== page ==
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October 13, 2016

Optimal Perioperative Care in Major Head and Neck Cancer Surgery With Free Flap ReconstructionA Consensus Review and Recommendations From the Enhanced Recovery After Surgery Society

Author Affiliations
  • 1Section of Otolaryngology, Department of Surgery, Cumming School of Medicine, University of Calgary, Calgary, Alberta
  • 2Cancer Strategic Clinical Network, Alberta Health Services, Calgary, Alberta
  • 3Department of Otolaryngology, Division of Head and Neck Surgery, University of California Davis, Sacramento
  • 4Department of Nutrition and Dietetics, Royal Prince Alfred Hospital, Camperdown NSW, Australia
  • 5ENT Clinic, University Hospital Zurich, Switzerland
  • 6Department of Otolaryngology, Winnipeg, Manitoba
  • 7Department of Oncology, Cumming School of Medicine, University of Calgary, Calgary, Alberta
  • 8Department of Otolaryngology, Head and Neck Surgery, CHUV, University of Lausanne, Switzerland
  • 9University of California, Davis Health System, Sacramento
  • 10Division of Critical Care Medicine, Faculty of Medicine and Dentistry, University of Alberta, Edmonton, Alberta
  • 11Department of Surgery, Faculty of Medicine and Health, School of Health and Medical Sciences, Örebro University, Örebro, Sweden
  • 12Division of Otolaryngology–Head and Neck Surgery, Department of Surgery, University of Alberta, Edmonton, Alberta
JAMA Otolaryngol Head Neck Surg. Published online October 13, 2016. doi:10.1001/jamaoto.2016.2981

Importance  Head and neck cancers often require complex, labor-intensive surgeries, especially when free flap reconstruction is required. Enhanced recovery is important in this patient population but evidence-based protocols on perioperative care for this population are lacking.

Objective  To provide a consensus-based protocol for optimal perioperative care of patients undergoing head and neck cancer surgery with free flap reconstruction.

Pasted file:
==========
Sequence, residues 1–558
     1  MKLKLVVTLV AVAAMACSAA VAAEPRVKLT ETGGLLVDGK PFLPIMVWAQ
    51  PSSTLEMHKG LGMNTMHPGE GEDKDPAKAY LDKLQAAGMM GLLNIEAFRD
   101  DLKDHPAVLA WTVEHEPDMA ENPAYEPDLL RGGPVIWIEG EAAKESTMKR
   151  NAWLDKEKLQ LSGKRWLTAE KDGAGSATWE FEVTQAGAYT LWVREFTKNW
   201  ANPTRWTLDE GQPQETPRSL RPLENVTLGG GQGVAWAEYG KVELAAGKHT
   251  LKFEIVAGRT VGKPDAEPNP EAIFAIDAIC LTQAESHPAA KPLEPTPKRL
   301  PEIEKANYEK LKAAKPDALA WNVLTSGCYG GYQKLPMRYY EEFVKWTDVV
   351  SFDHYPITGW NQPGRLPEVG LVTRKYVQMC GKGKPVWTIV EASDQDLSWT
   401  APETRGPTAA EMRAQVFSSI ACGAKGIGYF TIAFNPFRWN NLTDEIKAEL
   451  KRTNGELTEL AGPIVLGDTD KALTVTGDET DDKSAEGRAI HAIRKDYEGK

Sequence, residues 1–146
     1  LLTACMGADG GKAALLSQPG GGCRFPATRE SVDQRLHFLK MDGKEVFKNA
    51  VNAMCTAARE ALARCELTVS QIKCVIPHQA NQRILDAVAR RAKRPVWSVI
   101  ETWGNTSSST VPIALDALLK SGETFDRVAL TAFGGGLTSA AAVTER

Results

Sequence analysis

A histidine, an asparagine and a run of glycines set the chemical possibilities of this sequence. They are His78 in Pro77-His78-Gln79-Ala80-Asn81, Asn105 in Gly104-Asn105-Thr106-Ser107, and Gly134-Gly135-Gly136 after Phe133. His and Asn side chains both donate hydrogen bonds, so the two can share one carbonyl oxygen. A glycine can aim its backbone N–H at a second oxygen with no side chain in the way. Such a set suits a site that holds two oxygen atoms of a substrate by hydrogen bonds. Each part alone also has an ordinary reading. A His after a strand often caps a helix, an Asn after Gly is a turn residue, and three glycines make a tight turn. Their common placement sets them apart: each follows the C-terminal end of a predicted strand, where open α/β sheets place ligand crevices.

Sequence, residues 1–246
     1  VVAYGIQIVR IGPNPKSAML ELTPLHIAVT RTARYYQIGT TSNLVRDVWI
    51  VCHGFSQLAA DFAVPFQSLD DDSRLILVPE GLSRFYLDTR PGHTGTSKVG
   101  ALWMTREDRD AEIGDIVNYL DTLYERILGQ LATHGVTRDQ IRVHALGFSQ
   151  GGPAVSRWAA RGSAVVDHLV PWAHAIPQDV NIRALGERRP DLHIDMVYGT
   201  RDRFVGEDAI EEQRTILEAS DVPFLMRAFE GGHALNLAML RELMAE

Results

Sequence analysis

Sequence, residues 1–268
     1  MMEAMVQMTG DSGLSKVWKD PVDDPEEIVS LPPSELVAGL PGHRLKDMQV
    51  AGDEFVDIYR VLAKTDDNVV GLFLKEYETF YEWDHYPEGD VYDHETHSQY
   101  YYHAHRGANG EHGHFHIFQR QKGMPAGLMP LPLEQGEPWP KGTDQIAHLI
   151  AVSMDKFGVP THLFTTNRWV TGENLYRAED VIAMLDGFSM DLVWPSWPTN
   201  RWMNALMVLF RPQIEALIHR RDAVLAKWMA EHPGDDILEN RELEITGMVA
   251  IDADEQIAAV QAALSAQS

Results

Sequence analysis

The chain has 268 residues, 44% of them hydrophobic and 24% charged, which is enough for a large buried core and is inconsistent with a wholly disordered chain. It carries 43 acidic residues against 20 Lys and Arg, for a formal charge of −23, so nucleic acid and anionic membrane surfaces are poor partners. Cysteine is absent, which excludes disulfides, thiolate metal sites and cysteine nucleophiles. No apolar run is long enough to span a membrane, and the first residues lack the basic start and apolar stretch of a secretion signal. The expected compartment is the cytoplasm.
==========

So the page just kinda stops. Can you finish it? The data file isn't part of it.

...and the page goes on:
Evidence Review  Following endorsement by the Enhanced Recovery After Surgery (ERAS) Society to develop this protocol, a systematic review was conducted for each topic. The PubMed and Cochrane databases were initially searched to identify relevant publications on head and neck cancer surgery from 1965 through April 2015. Consistent key words for each topic included “head and neck surgery,” “pharyngectomy,” “laryngectomy,” “laryngopharyngectomy,” “neck dissection,” “parotid lymphadenectomy,” “thyroidectomy,” “oral cavity resection,” “glossectomy,” and “head and neck.” The final selection of literature included meta-analyses and systematic reviews as well as randomized controlled trials where available. In the absence of high-level data, case series and nonrandomized studies in head and neck cancer surgery patients or randomized controlled trials and systematic reviews in non–head and neck cancer surgery patients, were considered. An international panel of experts in major head and neck cancer surgery and enhanced recovery after surgery reviewed and assessed the literature for quality and developed recommendations for each topic based on the Grading of Recommendations, Assessment, Development and Evaluation (GRADE) system. All recommendations were graded following a consensus discussion among the expert panel.

Findings  The literature search, including a hand search of reference lists, identified 215 relevant publications that were considered to be the best evidence for the topic areas. A total of 17 topic areas were identified for inclusion in the protocol for the perioperative care of patients undergoing major head and neck cancer surgery with free flap reconstruction. Best practice includes several elements of perioperative care. Among these elements are the provision of preoperative carbohydrate treatment, pharmacologic thromboprophylaxis, perioperative antibiotics in clean-contaminated procedures, corticosteroid and antiemetic medications, short acting anxiolytics, goal-directed fluid management, opioid-sparing multimodal analgesia, frequent flap monitoring, early mobilization, and the avoidance of preoperative fasting.

Conclusions and Relevance  The evidence base for specific perioperative care elements in head and neck cancer surgery is variable and in many cases information from different surgerical procedures form the basis for these recommendations. Clinical evaluation of these recommendations is a logical next step and further research in this patient population is warranted.